Teardown, repair and analysis of an Agilent E4443A 3Hz – 6.7GHz PSA series Spectrum Analyzer from The Signal Path:
In this episode Shahriar repairs an Agilent PSA Series Spectrum Analyzer. The instrument generates many errors during self-alignment and produces no measurements below 3.2GHz. The block diagram of the unit is thoroughly presented and various possible failure points are considered. Based on the observation of the noise floor, the most likely cause is the second LO module. The measurement of the LO power indicates that the second LO power is fall below nominal.
Kerry Wong did a teardown of Microsemi’s C900502 X-band planar transceiver:
I got a couple of Microsemi’s C900502 10.525 GHz X-band Doppler radar motion sensors a while ago. This batch was made in UK and had “UK patents 2243495 and/or 2253108 apply” printed on the case. I have seen a teardown of an HB100 Doppler radar module before and was wondering if I this one is any different inside.
In this short episode Shahriar takes a close look at an Ist-Rees laser spectrum analyzer. This simple instrument is based on a continuously rotating diffraction mirror to detect various wavelengths. A trigger signal is used to denote the beginning of the scan and the front-panel display shows the current selected wavelength. By aligning the output signal with the trigger signal the wavelength of the input light can be measured.
After the unit teardown, the instrument is used to measure the wavelength of a semiconductor 1310nm laser. The unit is calibrated using this source and is then used to measure the infrared leakage wavelength from a green laser pointer.
If you buy an amateur transceiver cheap enough to make a reasonable grab bag gift or stocking stuffer, you get what you pay for. And if this extensive analysis of cheap radios is any indication, you get a little more than you pay for in the spurious emissions department.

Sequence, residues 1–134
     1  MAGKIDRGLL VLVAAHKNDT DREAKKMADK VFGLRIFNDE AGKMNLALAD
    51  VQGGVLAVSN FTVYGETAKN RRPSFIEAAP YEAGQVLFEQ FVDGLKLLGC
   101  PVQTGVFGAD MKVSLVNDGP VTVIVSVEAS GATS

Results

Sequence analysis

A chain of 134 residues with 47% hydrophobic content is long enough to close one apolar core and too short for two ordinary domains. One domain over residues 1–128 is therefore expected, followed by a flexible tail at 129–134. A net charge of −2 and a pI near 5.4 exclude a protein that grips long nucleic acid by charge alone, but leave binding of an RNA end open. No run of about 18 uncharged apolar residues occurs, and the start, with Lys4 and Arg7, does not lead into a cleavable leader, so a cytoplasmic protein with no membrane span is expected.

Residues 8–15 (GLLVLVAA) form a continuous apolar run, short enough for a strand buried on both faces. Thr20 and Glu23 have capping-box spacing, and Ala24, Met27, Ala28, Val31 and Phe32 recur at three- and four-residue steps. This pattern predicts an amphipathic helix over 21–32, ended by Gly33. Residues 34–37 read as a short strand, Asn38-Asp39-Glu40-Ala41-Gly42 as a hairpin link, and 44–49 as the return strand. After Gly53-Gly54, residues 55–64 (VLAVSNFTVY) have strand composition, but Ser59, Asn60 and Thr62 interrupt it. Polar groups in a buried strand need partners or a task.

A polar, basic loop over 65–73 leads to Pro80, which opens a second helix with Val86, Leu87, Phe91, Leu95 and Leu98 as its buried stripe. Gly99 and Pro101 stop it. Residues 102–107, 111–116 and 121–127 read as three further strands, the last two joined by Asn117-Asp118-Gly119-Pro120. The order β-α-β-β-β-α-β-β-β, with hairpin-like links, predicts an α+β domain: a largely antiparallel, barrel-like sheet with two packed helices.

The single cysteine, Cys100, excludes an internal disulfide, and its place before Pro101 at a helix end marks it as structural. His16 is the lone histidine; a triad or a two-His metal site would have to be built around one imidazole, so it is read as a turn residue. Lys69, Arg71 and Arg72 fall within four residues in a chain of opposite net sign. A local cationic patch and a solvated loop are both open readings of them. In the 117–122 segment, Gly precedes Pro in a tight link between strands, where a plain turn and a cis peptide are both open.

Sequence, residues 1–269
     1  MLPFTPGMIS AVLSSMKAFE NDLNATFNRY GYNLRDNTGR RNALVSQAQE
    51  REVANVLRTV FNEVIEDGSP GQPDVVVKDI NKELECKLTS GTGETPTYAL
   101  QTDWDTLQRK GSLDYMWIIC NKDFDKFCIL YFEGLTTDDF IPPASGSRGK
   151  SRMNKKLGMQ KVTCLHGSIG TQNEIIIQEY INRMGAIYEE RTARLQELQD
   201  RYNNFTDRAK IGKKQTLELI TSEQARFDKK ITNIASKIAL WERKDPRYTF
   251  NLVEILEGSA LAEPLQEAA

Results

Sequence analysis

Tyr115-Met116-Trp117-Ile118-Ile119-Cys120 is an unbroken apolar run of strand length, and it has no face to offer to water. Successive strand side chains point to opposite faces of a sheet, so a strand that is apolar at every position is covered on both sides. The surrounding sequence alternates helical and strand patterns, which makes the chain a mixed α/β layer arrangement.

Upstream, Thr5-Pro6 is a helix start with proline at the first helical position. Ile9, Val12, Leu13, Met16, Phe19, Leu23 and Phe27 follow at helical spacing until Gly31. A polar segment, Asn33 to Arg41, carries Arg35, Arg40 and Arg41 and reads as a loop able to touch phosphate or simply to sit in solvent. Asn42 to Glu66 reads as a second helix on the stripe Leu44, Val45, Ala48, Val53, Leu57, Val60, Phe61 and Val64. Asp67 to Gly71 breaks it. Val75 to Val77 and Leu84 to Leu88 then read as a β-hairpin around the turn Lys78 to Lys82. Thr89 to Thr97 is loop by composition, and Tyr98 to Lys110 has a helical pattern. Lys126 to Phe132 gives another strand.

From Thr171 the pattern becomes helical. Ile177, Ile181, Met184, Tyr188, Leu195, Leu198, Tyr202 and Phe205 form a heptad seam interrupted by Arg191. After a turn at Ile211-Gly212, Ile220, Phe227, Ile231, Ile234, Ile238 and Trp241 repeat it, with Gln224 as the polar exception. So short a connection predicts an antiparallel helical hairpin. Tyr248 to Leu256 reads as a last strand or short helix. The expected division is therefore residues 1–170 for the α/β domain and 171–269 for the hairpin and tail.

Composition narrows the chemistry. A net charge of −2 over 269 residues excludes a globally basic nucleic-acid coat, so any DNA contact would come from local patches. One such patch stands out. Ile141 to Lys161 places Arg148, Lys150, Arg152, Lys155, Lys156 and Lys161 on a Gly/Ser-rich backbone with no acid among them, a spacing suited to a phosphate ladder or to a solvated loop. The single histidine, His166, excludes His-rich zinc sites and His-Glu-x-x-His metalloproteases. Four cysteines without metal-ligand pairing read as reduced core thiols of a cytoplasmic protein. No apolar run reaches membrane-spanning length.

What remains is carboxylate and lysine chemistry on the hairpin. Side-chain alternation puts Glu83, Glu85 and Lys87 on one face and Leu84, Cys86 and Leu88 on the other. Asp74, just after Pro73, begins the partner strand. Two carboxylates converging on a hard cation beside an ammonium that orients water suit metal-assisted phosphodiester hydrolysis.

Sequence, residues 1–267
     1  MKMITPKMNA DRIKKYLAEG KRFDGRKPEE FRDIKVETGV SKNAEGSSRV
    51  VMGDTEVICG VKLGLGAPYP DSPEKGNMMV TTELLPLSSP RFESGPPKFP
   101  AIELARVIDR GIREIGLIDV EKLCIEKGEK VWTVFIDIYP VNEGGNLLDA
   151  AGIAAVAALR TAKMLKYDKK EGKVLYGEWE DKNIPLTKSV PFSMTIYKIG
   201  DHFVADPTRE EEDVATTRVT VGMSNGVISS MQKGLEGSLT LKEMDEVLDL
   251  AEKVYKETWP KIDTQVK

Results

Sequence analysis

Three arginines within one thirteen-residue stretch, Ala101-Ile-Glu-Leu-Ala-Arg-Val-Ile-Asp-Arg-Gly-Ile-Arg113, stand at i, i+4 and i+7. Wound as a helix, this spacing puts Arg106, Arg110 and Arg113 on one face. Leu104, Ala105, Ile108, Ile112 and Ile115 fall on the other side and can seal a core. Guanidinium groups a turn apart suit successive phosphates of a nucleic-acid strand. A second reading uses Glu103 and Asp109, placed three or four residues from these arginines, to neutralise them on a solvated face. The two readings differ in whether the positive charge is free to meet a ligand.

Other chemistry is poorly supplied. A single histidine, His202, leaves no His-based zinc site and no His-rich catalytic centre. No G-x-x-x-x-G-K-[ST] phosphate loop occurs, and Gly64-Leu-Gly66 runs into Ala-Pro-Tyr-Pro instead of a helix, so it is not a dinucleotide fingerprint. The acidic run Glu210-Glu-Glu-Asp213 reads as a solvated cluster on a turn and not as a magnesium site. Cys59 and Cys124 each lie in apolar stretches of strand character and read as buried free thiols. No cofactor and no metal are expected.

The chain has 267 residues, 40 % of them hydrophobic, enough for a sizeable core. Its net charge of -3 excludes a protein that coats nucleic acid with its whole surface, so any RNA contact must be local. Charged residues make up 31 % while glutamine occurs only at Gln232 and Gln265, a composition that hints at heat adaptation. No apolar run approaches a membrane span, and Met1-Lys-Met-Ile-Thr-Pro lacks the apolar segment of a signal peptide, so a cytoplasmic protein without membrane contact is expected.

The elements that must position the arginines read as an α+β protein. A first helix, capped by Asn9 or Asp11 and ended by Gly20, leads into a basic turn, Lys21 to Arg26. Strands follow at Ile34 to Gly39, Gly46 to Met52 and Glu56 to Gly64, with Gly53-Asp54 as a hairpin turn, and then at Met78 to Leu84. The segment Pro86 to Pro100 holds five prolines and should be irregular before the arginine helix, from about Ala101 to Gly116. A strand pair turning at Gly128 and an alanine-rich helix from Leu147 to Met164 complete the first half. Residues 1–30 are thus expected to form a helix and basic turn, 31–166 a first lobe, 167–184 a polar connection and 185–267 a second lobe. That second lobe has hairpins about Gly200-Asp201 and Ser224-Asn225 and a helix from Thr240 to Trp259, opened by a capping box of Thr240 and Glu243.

Amateur radio in the United States is regulated by the FCC’s Part 97 rules with special attention given to transmitter technical specifications in Subpart D. Spurious emissions need to be well below the mean power of the fundamental frequency of the transmitter, and [Megas3300] suspected that the readily available Baofeng UV-5RA dual-band transceiver was a little off spec. He put the $20 radio through a battery of tests using equipment that easily cost two orders of magnitude more than the test subject. Power output was verified with a wattmeter, proper attenuators were selected, and the output signal scanned with a spectrum analyzer. Careful measurements showed that some or all of the Baofeng’s harmonics were well above the FCC limits. [Megas3300] tested a few other radios that turned out to be mostly compliant, but however it all turned out, the test procedure is well documented and informative, and well worth a look.
The intended market for these radios is more the unlicensed crowd than the compliant ham, so it’s not surprising that they’d be out of spec. A ham might want to bring these rigs back into compliance with a low pass filter, for which purpose the RF Biscuit might prove useful.
The “normal” way to build a spectrum analyzer is to collect a bunch of samples and run a Fast Fourier Transform (FFT) on them all in one shot. As the name implies, the FFT is fast, and the result is the frequency components of the sampled data. [agp.cooper]’s “wrong” way to do it takes the Goertzel algorithm, which is used for detecting the intensity of a particular frequency, and scanning across the frequency range of interest. It’s a lot slower than a single FFT but, importantly for the ATtiny85 that he implements this on, it’s less demanding of the RAM.